Around one in 84 Australians accessed specialised homelessness services in the last financial year, According to the Australian Institute of Health and Welfare’s (AIHW) latest report.
And 60% of them, were female,
The figures from the AIHW highlight the growing areas of concern regarding homelessness in Australia, highlighting some gender trends on the reasons people become homeless, or risk becoming homeless.
This year, a look at the 288,000 clients who accessed homelessness services found some alarming trends regarding the rate of young women — particularly young mothers — escaping violence.
According to the data,
The good news is that of the clients at risk of homelessness who accessed services, nine in ten were able to successfully maintain their housing with a assistance from a specialist homelessness agency.
These agencies are working overtime.
Over half of clients (56%) assisted in 2016–17 were currently housed, but at risk of becoming homeless. Most commonly, these clients were living in private housing (as a renter, rent free, or owner, rather than, for example, a social housing tenant).
‘Of those clients at risk of becoming homeless, about 6 in 10 were living in a private dwelling at the time they sought assistance,’ said AIHW spokesperson Matthew James.
Most (85%) of these clients received assistance so they could continue to live in a private dwelling, while 6% of those in private housing were helped into social housing.
‘Overall, around 9 in 10 clients at risk of homelessness successfully maintained their housing with assistance from a specialist homelessness agency. This illustrates the role that homelessness agencies play in preventing people from becoming homeless,’ Mr. James said.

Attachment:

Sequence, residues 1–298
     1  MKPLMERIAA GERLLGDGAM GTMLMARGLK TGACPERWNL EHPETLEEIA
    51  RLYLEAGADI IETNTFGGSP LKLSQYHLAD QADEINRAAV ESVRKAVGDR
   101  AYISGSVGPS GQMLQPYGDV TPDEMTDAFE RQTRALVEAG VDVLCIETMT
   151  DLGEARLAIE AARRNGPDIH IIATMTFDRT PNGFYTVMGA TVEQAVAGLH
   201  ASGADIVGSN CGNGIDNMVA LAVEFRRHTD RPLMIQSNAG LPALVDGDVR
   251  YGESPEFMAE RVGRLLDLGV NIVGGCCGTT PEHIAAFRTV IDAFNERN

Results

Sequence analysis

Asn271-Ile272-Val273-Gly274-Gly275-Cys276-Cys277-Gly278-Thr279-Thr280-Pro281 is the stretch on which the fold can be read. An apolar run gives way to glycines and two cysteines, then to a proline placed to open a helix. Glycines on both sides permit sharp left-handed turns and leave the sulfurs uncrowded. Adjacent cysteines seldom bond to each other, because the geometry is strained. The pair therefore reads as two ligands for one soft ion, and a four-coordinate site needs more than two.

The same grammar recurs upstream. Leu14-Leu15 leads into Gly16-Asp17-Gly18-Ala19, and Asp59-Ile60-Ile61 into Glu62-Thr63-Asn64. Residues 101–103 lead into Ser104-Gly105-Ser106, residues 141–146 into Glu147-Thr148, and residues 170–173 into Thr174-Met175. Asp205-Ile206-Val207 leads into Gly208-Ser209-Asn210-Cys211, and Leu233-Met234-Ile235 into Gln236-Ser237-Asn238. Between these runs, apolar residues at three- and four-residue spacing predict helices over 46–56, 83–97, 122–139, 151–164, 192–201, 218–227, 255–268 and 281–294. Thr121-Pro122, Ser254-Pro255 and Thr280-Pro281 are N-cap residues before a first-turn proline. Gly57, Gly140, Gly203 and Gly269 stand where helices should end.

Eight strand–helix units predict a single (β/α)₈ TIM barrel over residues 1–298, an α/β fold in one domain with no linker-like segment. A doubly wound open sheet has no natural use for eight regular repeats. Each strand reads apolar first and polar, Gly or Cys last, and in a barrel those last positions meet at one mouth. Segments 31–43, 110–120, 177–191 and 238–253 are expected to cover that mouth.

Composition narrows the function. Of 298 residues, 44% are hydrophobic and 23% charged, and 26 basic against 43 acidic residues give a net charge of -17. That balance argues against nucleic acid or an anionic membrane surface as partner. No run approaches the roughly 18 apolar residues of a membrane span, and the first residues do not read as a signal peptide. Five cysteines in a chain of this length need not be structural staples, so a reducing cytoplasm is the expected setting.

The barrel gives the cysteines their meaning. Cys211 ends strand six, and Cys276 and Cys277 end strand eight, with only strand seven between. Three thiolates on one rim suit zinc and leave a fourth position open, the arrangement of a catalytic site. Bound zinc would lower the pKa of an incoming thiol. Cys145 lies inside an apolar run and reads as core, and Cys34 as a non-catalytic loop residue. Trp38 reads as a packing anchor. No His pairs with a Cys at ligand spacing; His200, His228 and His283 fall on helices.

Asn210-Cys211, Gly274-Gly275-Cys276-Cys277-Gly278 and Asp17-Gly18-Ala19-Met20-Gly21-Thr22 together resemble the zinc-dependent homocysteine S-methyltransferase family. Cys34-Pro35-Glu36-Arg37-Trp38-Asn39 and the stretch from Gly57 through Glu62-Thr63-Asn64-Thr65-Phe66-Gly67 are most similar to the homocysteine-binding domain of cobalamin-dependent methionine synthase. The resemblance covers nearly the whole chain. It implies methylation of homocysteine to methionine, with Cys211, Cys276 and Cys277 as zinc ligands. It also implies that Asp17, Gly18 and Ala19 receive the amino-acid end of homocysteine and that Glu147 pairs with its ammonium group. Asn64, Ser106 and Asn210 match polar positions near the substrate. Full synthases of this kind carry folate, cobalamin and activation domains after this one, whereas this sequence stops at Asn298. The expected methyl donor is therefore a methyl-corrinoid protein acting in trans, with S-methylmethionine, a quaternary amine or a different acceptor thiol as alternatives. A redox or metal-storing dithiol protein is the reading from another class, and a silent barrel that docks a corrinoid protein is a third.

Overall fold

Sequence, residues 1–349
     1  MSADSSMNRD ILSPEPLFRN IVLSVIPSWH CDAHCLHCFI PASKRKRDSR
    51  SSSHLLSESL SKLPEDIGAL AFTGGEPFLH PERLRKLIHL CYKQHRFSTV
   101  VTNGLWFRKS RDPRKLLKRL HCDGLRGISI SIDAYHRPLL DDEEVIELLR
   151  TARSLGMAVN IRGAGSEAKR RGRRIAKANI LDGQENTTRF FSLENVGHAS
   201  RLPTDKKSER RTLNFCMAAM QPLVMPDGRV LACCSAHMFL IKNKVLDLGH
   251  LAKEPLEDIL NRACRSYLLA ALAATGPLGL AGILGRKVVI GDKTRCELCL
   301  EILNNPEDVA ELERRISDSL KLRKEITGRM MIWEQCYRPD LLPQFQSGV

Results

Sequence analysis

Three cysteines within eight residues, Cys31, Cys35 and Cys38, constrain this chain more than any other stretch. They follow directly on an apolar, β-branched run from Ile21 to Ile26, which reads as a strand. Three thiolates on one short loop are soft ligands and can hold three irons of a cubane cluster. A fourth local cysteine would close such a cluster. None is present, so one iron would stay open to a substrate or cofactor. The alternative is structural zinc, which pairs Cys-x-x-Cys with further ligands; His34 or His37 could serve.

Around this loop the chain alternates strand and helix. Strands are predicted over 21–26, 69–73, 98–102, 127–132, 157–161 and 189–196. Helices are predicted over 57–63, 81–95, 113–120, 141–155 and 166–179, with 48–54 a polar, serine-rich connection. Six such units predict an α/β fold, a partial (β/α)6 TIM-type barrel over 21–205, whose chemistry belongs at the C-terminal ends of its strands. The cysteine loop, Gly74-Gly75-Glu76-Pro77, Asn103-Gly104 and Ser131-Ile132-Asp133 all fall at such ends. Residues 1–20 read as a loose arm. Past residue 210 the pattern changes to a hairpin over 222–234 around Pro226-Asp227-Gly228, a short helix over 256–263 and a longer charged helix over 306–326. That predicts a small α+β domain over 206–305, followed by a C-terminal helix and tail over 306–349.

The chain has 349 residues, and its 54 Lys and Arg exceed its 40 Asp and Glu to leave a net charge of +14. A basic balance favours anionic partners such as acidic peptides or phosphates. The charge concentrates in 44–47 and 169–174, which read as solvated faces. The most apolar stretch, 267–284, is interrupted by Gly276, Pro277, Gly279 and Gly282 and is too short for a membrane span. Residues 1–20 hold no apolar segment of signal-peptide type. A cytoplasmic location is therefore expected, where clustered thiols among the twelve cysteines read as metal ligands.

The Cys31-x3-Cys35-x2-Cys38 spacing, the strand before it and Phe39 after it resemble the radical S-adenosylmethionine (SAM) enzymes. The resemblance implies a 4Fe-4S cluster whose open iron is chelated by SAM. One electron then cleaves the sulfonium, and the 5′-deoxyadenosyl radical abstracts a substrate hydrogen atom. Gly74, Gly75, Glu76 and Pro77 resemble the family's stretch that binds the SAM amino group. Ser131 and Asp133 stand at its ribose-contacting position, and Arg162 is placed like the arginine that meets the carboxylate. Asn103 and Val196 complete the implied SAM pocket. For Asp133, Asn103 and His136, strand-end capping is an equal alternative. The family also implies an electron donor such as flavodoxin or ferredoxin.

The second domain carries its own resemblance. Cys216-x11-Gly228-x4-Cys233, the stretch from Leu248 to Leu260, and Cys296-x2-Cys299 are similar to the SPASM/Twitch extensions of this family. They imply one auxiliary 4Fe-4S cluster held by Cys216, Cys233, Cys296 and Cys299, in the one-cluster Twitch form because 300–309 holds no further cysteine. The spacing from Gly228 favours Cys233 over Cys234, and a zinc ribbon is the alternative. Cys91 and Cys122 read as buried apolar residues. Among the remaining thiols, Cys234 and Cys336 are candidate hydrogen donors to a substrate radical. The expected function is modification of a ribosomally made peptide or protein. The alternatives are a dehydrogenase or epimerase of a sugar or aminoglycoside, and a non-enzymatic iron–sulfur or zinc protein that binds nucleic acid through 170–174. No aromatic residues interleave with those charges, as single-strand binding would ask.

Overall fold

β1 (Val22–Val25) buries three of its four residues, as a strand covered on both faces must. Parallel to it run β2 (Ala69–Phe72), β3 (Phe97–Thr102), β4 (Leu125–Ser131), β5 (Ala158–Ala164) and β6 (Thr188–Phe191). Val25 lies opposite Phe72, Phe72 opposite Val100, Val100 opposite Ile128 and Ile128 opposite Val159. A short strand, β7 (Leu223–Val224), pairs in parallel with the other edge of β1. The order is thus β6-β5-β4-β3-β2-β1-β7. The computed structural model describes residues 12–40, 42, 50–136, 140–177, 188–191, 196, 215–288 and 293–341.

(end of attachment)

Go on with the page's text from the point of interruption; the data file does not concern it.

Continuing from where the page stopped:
When looking at those clients who were homeless when they presented to a specialist homelessness agency (44%), agencies assisted about 4 in 10 (39%) into housing; the report found that again, most received assistance into private dwellings.
‘This has changed over time—5 years ago, roughly equal numbers of clients were helped into both private and social housing, but in 2016–17, the size of this group has more than doubled and now around 60%—or 16,000 clients—were housed in private dwellings with the assistance of homelessness services,’ Mr James said.
Overall, the report also shows that for the first time since the data collection began in 2011–12, previous clients of specialist homelessness services are outnumbering new, first time clients, making up 51% and 49% of clients, respectively.
The common groups of returning clients included those with mental health conditions (61%), people exiting custody (64%), and those with problematic drug and/or alcohol use (69%).
‘This suggests that many clients have complex issues, requiring long-term assistance,’ Mr James said.
Overall, when looking at reasons why clients sought assistance, the report shows a rise in the proportion experiencing family and domestic violence, increasing 9% in 12 months. The proportion of clients with mental health conditions also rose, up by 7%.
Overall, 2 in 5 (40%) clients, or nearly 115,000 people, received assistance because of family and domestic violence, while 27% (about 77,600) requiring help reported a mental health condition.
The report also shows that the number of unmet requests for assistance has fallen. In 2016–17 there were over 95,000 unmet requests for homelessness services, about 5,000 fewer than last year.